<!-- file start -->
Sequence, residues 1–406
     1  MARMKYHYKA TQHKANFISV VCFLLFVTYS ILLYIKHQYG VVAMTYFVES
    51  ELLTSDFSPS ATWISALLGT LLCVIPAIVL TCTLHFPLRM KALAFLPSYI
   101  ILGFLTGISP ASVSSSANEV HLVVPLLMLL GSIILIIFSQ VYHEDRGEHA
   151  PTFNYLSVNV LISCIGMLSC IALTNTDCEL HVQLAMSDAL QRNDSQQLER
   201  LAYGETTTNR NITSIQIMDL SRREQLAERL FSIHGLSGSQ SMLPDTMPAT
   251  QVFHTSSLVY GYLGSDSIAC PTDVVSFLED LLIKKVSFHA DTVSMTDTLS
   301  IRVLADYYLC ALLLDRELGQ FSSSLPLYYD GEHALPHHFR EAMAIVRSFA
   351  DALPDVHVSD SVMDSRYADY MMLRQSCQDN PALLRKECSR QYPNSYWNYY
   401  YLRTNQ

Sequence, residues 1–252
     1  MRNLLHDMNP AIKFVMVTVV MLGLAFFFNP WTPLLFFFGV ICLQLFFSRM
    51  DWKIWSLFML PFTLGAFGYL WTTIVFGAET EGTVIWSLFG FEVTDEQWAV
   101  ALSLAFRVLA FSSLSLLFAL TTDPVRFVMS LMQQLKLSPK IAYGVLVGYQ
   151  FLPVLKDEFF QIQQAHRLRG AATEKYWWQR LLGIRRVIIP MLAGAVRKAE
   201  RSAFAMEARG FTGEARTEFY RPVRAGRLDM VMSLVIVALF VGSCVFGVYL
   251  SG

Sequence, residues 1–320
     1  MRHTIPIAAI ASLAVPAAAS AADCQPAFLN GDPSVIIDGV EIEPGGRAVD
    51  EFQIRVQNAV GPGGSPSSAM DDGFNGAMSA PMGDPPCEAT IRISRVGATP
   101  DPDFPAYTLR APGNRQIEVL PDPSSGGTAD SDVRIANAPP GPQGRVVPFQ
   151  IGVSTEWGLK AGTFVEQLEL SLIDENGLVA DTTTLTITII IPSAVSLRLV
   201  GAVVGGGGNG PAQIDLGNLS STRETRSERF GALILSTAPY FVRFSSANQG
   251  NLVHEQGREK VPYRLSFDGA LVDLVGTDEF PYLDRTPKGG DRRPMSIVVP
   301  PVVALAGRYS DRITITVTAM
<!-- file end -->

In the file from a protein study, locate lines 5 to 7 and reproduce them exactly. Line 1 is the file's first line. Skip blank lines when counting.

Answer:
   151  PTFNYLSVNV LISCIGMLSC IALTNTDCEL HVQLAMSDAL QRNDSQQLER
   201  LAYGETTTNR NITSIQIMDL SRREQLAERL FSIHGLSGSQ SMLPDTMPAT
   251  QVFHTSSLVY GYLGSDSIAC PTDVVSFLED LLIKKVSFHA DTVSMTDTLS